“We don’t want to do this man, come on,” a Ventnor police officer tells Amir Johnson just seconds before the man is ftally shot by police Aug. 6.
Police were called at about 4:16 p.m. for the report of a man bleeding from his neck and walking in and out of traffic in the road where Ventnor’s Wellington Avenue turns into Atlantic City’s West End.
Johnson, 30, kept telling police to shoot him during the 15-minute standoff that went between the road and the marsh.
Johnson apparently cut his neck with a broken bottle, which is what he allegedly brandished at police.
The Attorney General’s Office, which is investigating the shooting, released footage from the body-worn cameras Friday.
“You think you can drop that bottle for us?” asks a Ventnor officer who identified himself to Johnson as a supervisor named Brian.
“The only thing that comes with it is a bullet,” Johnson replies.
“We don’t want that, Amir,” he says.
“Looks like he already cut himself and he wants us to shoot him,” the officer later says.
One of the three videos is from an Atlantic City officer. In that one, he threatens to deploy the taser. But he then says he’s not sure if it’s even working.
Ventnor does not have tasers.
“We don’t want to do this man. Stop,” says one of the Ventnor officers as Johnson is seen walking away into the marsh.
Johnson then turns and starts running toward them as the officer continues to yell for him to stop.
Johnson screams and falls as he runs toward them, but gets back up and continues yelling at the officers.
He then walks toward the officer whose camera captures the events.
“Drop the bottle. Drop it,” the officer yells as Johnson picks up the pace.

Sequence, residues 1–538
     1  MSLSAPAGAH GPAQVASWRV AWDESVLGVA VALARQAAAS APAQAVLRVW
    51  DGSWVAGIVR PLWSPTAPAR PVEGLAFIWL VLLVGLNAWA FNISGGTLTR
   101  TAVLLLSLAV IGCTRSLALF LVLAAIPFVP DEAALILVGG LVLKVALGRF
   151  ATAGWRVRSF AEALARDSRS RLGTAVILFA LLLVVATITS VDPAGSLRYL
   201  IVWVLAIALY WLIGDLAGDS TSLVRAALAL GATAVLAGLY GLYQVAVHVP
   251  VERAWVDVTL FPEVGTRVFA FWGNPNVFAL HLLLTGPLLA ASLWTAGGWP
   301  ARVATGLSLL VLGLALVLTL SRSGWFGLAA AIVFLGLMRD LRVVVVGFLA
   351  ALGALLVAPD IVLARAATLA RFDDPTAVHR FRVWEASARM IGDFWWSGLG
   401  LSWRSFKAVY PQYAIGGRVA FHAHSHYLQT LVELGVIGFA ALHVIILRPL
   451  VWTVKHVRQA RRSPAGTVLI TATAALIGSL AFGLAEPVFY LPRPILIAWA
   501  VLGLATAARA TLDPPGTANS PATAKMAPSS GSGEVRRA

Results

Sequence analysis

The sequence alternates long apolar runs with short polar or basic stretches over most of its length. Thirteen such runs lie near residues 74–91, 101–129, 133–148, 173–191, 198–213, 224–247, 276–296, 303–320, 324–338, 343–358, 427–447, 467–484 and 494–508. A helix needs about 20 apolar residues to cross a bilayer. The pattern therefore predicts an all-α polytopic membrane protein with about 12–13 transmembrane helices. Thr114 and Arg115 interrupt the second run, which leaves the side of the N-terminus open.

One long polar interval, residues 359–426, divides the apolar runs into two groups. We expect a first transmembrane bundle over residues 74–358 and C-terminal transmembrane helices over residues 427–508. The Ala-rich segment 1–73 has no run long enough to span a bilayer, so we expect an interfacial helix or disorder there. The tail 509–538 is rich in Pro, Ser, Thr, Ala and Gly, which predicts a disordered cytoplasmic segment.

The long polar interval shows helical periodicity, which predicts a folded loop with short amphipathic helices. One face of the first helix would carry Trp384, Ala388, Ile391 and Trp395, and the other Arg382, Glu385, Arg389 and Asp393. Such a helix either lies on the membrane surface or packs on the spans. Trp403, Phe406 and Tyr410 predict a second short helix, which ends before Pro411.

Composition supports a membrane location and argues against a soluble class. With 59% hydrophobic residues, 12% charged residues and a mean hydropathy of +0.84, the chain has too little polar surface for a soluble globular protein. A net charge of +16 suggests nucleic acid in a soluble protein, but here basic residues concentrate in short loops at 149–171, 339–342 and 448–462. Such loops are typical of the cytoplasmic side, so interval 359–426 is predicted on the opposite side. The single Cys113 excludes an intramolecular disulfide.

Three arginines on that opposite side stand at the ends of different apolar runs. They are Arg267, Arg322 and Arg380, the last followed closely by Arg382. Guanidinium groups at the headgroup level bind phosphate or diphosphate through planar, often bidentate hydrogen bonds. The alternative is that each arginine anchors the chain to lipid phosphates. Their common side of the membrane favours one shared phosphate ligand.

Ventnor Officers Michael Arena, Pierluigi Mancuso and Robert Scarborough shot at Johnson, according to the preliminary investigation.
About five or six gunshots are heard as Johnson doubles over and falls.
He is then ordered to drop the bottle again.
“Drop the bottle. We can help you. Drop it,” the officer says as Johnson yells in pain.
He eventually lets go of the bottle and then the officers handcuff him as medics are called.
“Amir, we can help you,” one says.
While the Attorney General’s Office of Public Integrity and Accountability continues to investigate, the videos were released under the “Independent Prosecutor Directive,” which governs use-of-force investigations in New Jersey and requires such records be released to the public if requested.
Police were first called to the scene by a postal worker who said the man was bleeding from the neck and was wandering in traffic.
“He literally stopped traffic in the middle of the road,” the postal worker is heard saying in a tape of the call. “I don’t know if he’s on something. He’s just running in front of cars.”
The worker can be heard telling the man he can’t get in the truck.
The investigation is ongoing and no further information is being released at this time. Under state law and the Independent Prosecutor Directive, when the entire investigation is complete, the case will be presented to a grand jury, typically consisting of 16 to 23 citizens, to make the ultimate decision regarding whether criminal charges will be filed. At present due to the COVID-19 pandemic, regular grand juries are not sitting and hearing cases.
The investigation is being conducted in compliance with procedures and requirements established in the Independent Prosecutor Directive, which is available at this link:
The Independent Prosecutor Directive, issued by Attorney General Grewal in December 2019, outlines a 10-step process for conducting independent investigations of use-of-force and death-in-custody incidents in compliance with state law. The directive establishes clear procedures governing such investigations to ensure that they are done fully, fairly, and independently of any potential bias. A summary of that 10-step process is available at this link:https://www.nj.gov/oag/excellence/docs/The-Independent-Prosecutor-Directive.pdf